Tuesday, May 12, 2009

Smoking Pot

So I was considering going off of the meal plan this summer. I have a week and a half to kind of make the decision, and while I've decided that access to amenities will most likely keep me on campus, the issue of whether or not it is economical to try and feed myself [or run the risk that I continue to pay the same amount as everyone else with the limited resources in dining services makes available and risk being frustrated] is something that I certainly can't ignore. I don't know that I can take another hungry summer, especially since summer is 12 weeks and meals will only be offered for 8 of them. A friend of mine is planning on going off campus and offered to let me cook meals there under the stipulation that I cook meals [to which i agreed so long as those meals did not contain meat.] i came up with the idea of grilling vegetables and veggie burgers or building a separate veggie pan with a long handle but it appears that someone has already beat me to the punch. I wanted to see whether they have cast iron, ceramic or stainless steel fryer inserts, but to be honest I have a lot of homework to do, so I'm not going to stay up late going through that. My amazing journey led me to a much cheaper and inventive option, which i discovered trying to learn how to make a my own hibachi stove.

cheap hibachi Pictures, Images and Photos

Making stoves out of empty cans, which i think is much more sustainable [although i'm not sure whether the cans can be recycled once they've been used. but i don't see why not....] anyway, here are some great models that i've found.

the journey starts at wikipedia

How to Make a Simple Beverage Can Stove

Try making your own easy, lightweight and portable cooking stove from used aluminum beverage cans. This project costs virtually nothing to create and it will cook for up to 15 minutes. This is a really simple version of the beverage can stove. Other versions can be more complicated but this one works well despite its simplicity. You will be creating a top half and a base half from two different beverage cans, both halves which are then telescoped together to create a small, solid, lightweight stove. The steps outline creating the base and the top halves of the stove and slotting them together. The article also provides steps on priming and ignition of your stove.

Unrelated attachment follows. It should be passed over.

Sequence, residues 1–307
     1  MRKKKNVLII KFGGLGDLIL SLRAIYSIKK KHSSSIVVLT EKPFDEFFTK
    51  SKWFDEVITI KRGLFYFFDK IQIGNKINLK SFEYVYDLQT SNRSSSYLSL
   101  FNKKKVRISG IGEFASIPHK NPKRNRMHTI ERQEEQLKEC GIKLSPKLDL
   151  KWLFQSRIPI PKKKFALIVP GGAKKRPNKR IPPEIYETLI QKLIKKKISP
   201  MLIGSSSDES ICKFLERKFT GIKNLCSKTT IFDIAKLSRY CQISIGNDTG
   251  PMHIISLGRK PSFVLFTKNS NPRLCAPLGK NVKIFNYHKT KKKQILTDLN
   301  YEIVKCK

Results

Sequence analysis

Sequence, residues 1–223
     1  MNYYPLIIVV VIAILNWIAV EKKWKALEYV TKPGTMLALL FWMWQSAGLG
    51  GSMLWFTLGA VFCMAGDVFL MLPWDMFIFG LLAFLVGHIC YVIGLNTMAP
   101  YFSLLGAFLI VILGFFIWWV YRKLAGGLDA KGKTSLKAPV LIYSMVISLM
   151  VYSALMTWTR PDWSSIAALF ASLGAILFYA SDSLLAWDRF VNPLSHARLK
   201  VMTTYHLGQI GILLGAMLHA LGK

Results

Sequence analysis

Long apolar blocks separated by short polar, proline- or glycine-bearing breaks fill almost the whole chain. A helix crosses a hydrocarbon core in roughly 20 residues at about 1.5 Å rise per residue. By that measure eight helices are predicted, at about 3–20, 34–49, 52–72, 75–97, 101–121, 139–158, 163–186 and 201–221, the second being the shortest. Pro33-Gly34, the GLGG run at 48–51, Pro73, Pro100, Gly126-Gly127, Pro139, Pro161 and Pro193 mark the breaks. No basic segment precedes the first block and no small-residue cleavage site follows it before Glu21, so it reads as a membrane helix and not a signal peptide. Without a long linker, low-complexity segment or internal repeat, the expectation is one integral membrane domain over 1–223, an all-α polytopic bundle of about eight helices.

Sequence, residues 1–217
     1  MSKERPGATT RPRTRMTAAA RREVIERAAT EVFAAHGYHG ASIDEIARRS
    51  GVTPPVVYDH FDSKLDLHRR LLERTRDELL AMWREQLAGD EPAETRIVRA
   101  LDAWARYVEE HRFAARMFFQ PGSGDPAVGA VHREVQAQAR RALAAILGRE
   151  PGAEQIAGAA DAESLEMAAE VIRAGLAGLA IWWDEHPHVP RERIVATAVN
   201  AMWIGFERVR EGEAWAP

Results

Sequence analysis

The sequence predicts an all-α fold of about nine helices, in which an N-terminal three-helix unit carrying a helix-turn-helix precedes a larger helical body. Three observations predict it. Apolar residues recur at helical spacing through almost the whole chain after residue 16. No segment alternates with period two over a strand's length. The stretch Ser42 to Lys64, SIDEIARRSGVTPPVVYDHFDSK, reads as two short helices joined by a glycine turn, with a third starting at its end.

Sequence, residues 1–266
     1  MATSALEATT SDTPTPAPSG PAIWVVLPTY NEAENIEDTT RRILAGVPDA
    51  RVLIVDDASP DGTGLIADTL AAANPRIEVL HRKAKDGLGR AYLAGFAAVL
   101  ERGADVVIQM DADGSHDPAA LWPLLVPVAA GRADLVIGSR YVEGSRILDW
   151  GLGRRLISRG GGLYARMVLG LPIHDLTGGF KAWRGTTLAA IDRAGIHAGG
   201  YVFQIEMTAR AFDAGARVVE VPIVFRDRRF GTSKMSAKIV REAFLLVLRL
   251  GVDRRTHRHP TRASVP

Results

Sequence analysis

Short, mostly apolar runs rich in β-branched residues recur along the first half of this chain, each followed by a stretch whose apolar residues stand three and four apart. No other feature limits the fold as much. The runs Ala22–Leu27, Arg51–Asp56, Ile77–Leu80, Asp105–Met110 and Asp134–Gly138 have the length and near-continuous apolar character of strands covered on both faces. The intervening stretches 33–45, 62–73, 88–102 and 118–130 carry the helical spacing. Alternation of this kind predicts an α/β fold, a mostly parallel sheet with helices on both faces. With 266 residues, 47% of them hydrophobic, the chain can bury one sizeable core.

How to Make a Top Burning Alcohol Stove

aka - The Pepsi Can Stove

lists advantages and drawbacks to using a diy portable stove.

image courtesy of redding.com

for those of you who take your diy a little more seriously....
we have:

Introduction to the Pika Alcohol Stove System

The Pika stove is a new arrival into the wilderness. Using most any type of beverage can available, you can build an ultralight alcohol stove system to suit your hiking needs.

The Pika stove is a passive air-laminar flow intake type stove, versus the pressurized Pepsi stove. The Pika is fuel efficient, lightweight, and easy to build using simple tools. There are several sizes of pikas that can be built: the smallest, the solo models, use Coors cans or 12 oz soda cans, then the Mad Pika uses 24 oz beer cans, and the largest is the Fat Pika made from Foster beer cans. The two smaller stoves are perfect for the solo hiker, and the larger size pikas can serve as big boilers when needed. The cat stove by Roy Robinson is the first passive air alcohol stove I built. It taught me well, and inspired me to design my own stove. This site will cover construction methods lightly, and will present many ideas that you can apply to any stove construction project. I prefer to let the builder study the photos and ideas rather than focus on deep construction details. Pika stoves require two beverage cans of equal type, and one smaller can for the fuel bowl. Ultralight alcohol stoves are easier to make than you ever believed.

Zen Backpacking Stoves

But some people take this super seriously. so i didn't want to leave you without some input from the pros...

A simple-to-make, hot-burning, backcountry stove

The Super Cat Alcohol Stove

These guys have broken out all of the stops testing beer can stoves, stoves made from cat food cans, recorded burning length and recorded temperatures. It doesn't get more empirical than that. This will be good stuff to know in the event of any more natural disasters.


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